Also tell me, if you can... why FOURTEEN years?

684 posted on 03/09/2013 11:04:57 PM PST by Jeff Winston
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To: Jeff Winston

Yes, I agree.

Vattel didn’t use “sujects naturels” in the section on indigenes and natives. And, that seems to be the one section EVERYONE thinks they’re an expert on.

However, I’ve studied the whole damn book! Read it in the original old-style French, backwards and forwards. It’s certainly an interesting book and well worth reading.

And, I’m fairly confident that I’m more of an expert on that little book than most birthers or after-births.

So, it just gets my dander up whenever someone who obviously hasn’t read the entire book regurgitates the deceptive statement that Vattel never used the the phrase “Natural Born Subjects.”

Anyway, thanks for awarding me that point! LOL!


685 posted on 03/09/2013 11:12:14 PM PST by DoctorBulldog (Obama sucks. End of story.)
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To: Jeff Winston; DiogenesLamp; DoctorBulldog

DL makes an argument on another thread that Rawle’s view was not the authoritative view, and it is a point worth considering. Rawle’s personal friendship with Washington, Franklin etc is not to be lightly dismissed, but neither is it decisive. At the founding, there was a transition underway that left a crazy quilt of conflicting definitions for citizenship, as DL’s post here describes:

Nor is Jefferson’s presidency determinative, as the NBC clause specifically grandfathered in the founding generation as a second category of eligible persons. This was a matter of necessity, as it might be difficult to fill the office of president if the stricter rule were applied during that transitional period at the beginning. Indeed, there would have been no need for the grandfathering loophole if the NBC criteria could be easily met by the political luminaries in that first American generation.

Bottom line, this is in fact a very complicated question, and it is best answered by those whom we have granted the authority to say what the law is, our judiciary, and they have not yet spoken with finality on the exact facts of this case.

686 posted on 03/09/2013 11:12:48 PM PST by Springfield Reformer (Winston Churchill: No Peace Till Victory!)
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To: Jeff Winston

Well, my understanding of the 14 year requirement comes from a faulty memory of my Constitutional Studies courses almost 30 years ago. From what I remember the professor saying, it seemed to have had something to do with wanting the first President to have been physically in the United States before the War of Independence started.

So, let me see... 1787 - 14yrs = 1773...

But still, it doesn’t make sense as to why it wasn’t grandfathered out and a much stricter residency requirement eventually kick in.

Anyway, the professor might of been blowing smoke, or I might be mis-remembering it, but that’s my memory of it and I’m sticking to it! LOL


687 posted on 03/09/2013 11:29:06 PM PST by DoctorBulldog (Obama sucks. End of story.)
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To: Springfield Reformer

Thanks! I’ll check it out.


688 posted on 03/09/2013 11:30:10 PM PST by DoctorBulldog (Obama sucks. End of story.)
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To: butterdezillion
If the voters decided that Vladimir Putin should be the US President, would that be a violation of the US Constitution which says that only a natural born US citizen is eligible to be President, and that if a “President elect” (that is, one already chosen by the electors) fails to qualify by the beginning of the term he/she may not “act as President”?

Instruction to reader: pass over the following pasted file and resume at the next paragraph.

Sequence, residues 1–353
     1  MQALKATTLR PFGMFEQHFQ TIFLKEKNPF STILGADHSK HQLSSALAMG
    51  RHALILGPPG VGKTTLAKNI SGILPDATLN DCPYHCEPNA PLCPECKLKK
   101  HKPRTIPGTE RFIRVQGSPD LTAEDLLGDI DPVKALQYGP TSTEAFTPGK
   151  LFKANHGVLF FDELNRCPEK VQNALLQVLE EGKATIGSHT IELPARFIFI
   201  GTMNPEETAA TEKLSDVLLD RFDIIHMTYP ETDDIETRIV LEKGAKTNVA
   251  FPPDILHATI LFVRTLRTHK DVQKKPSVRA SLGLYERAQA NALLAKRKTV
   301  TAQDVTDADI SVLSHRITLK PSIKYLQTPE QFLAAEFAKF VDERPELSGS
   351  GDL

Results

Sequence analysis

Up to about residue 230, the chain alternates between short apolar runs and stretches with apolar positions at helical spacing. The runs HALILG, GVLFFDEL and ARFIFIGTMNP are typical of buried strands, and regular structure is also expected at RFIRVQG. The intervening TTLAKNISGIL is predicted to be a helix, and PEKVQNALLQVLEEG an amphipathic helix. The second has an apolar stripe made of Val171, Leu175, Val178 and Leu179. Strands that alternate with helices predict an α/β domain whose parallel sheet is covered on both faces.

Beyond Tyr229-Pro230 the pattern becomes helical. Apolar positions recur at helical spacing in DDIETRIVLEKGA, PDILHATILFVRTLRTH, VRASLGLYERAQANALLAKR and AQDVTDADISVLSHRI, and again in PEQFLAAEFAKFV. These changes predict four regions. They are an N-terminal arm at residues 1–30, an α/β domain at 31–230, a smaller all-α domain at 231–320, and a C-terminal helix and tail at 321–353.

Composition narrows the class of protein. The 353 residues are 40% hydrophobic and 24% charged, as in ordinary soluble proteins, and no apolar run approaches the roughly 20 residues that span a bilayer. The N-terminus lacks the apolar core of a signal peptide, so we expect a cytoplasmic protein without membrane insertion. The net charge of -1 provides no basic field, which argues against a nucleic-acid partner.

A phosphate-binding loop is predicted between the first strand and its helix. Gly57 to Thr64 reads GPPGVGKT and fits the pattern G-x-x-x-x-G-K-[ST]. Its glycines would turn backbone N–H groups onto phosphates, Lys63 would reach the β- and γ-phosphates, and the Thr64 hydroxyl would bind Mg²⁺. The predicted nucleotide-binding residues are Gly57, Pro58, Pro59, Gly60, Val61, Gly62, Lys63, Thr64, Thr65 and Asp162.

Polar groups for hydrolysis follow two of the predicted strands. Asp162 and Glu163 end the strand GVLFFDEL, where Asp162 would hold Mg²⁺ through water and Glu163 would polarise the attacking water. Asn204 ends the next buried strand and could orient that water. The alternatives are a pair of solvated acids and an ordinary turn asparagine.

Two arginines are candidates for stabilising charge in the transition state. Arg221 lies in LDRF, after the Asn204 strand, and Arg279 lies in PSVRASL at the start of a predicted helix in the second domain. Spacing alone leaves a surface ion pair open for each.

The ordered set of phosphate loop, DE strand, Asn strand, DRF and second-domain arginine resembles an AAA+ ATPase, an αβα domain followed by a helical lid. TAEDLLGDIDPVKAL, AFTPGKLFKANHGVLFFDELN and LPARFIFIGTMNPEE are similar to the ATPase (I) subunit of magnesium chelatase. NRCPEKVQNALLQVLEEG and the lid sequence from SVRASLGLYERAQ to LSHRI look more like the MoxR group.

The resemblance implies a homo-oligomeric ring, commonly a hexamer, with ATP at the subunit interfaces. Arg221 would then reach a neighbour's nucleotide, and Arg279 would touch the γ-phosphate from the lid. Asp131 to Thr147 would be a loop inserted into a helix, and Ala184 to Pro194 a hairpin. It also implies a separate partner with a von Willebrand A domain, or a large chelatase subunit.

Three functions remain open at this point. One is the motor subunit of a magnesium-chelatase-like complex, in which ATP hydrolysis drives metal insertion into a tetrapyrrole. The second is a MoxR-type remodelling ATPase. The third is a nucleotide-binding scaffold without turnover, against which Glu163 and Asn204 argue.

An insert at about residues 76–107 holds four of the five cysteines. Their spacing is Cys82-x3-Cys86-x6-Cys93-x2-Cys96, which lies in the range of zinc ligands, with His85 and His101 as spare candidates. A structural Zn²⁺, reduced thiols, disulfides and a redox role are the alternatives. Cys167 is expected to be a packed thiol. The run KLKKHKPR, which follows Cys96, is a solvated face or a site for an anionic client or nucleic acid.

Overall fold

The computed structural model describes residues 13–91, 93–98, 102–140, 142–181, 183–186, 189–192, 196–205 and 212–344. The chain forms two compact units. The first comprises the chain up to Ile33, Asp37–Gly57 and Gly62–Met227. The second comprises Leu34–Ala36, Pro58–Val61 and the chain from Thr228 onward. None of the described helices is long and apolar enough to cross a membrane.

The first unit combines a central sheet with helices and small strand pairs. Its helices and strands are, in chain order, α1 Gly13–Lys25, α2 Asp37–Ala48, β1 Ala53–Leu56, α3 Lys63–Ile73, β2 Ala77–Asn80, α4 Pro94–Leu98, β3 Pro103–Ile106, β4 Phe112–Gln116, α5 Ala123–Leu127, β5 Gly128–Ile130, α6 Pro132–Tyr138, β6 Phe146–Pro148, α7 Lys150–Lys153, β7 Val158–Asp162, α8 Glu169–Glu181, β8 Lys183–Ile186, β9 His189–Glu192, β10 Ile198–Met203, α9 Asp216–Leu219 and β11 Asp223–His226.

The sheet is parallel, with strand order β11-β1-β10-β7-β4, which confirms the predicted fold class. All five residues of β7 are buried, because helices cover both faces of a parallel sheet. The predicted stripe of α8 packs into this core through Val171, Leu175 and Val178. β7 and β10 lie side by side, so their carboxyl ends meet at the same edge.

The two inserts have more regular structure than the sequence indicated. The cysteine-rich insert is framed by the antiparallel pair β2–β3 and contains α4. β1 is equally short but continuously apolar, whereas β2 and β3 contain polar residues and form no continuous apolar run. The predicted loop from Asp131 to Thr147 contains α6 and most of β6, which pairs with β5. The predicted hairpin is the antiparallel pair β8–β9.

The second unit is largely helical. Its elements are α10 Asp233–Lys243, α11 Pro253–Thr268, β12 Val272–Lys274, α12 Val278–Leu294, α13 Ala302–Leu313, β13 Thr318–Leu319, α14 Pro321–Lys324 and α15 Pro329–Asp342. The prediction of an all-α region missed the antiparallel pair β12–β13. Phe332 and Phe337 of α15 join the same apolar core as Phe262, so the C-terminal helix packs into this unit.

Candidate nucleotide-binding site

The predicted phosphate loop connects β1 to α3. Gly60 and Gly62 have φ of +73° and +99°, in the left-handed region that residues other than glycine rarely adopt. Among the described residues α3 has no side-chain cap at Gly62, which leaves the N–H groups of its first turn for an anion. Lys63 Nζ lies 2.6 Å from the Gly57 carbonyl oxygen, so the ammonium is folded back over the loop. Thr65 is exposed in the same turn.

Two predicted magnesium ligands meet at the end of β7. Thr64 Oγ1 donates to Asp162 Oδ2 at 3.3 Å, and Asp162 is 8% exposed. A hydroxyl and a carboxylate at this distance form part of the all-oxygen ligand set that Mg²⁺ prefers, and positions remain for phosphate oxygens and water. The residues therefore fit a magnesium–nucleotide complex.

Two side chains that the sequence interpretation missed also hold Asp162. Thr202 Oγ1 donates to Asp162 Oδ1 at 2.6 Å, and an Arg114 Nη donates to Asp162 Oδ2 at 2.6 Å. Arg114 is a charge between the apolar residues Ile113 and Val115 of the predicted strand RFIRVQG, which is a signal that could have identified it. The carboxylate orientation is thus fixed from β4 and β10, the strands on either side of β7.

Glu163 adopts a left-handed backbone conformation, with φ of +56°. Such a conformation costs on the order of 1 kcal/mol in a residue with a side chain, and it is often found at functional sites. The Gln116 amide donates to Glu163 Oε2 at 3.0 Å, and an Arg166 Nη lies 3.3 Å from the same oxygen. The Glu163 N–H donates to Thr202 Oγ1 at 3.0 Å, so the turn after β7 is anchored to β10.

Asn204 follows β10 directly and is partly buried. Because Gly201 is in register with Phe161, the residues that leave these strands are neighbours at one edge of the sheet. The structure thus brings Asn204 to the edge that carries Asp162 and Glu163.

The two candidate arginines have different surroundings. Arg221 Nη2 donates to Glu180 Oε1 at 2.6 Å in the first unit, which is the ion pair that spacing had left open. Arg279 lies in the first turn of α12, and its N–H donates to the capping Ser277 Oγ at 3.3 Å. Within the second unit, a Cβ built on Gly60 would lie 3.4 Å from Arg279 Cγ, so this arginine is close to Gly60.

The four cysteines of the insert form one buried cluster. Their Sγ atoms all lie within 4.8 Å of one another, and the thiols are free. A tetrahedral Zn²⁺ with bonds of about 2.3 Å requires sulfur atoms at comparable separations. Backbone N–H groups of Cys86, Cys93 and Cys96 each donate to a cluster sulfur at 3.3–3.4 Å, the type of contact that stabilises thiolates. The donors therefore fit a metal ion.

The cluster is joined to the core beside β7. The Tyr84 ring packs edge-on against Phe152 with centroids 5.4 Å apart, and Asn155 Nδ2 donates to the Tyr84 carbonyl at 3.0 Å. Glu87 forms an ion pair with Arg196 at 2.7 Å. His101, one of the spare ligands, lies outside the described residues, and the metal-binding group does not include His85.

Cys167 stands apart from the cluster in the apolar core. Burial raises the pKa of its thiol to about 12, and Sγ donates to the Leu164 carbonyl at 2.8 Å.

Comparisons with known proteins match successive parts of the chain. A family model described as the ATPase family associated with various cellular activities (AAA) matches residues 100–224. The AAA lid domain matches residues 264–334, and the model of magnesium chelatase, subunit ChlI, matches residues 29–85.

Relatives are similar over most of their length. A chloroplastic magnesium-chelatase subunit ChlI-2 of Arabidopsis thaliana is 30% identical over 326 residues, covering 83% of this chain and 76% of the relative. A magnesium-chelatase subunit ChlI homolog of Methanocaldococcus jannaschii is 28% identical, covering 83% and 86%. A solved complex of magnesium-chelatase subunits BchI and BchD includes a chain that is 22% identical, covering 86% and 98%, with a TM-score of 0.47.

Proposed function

Well, most of us are living in the real world and in the real world, the voters would not find that Vladimir Putin is qualified to be president. But, I will entertain your imaginary hypothetical long enough to say that if the American people did find him qualified and did vote for him and their electors did choose him, then he would become president. The Congress could then remove him.

In the same spirit, maybe you should consider a hypothetical. Suppose that space aliens were to inhabit the bodies of each member of the Supreme Court and that they were bound and determined to destroy our constitutional framework. Under those circumstances, would you still think that the Supreme Court should have a major role in reviewing the qualifications of all presidential candidates?

Maybe we're wasting our time imagining hypotheticals that involve Putin and space aliens.

I know you sincerely believe that Obama is not constitutionally qualified to be president, although it's never been real clear to me why you are so certain of that belief. If you were afforded a courtroom to prove your case, I don't believe you would show up with so much as one witness who could competently testify that Obama was born anywhere but in the United States and I don't believe you would show up with so much as one witness who could testify as a witness to his conception. I don't think you really know where any of our presidents were born or who their fathers were other than what you've read in books written by people you don't even know.

The harsh reality is that the voters and their electors heard the arguments that Obama was not born in the U.S. and heard the arguments concerning his paternity and its relevance and after hearing all that, the voters and electors rejected your theories and facts. You are entitled to believe that they were wrong to reject your claims, , but the important fact is that they did not think they were wrong and they were entrusted by the Constitution to make the call.

If it is of any consolation to you, try to remind yourself that, aside from what you've read or heard, you haven't got the slightest idea whether any our prior presidents were "natural born citizen" no matter how you define that term. Uncertainty may be uncomfortable at times, but it's an unavoidable aspect of our human experience. Uncertainty is unavoidable, but you choose the level of misery that you experience because of it.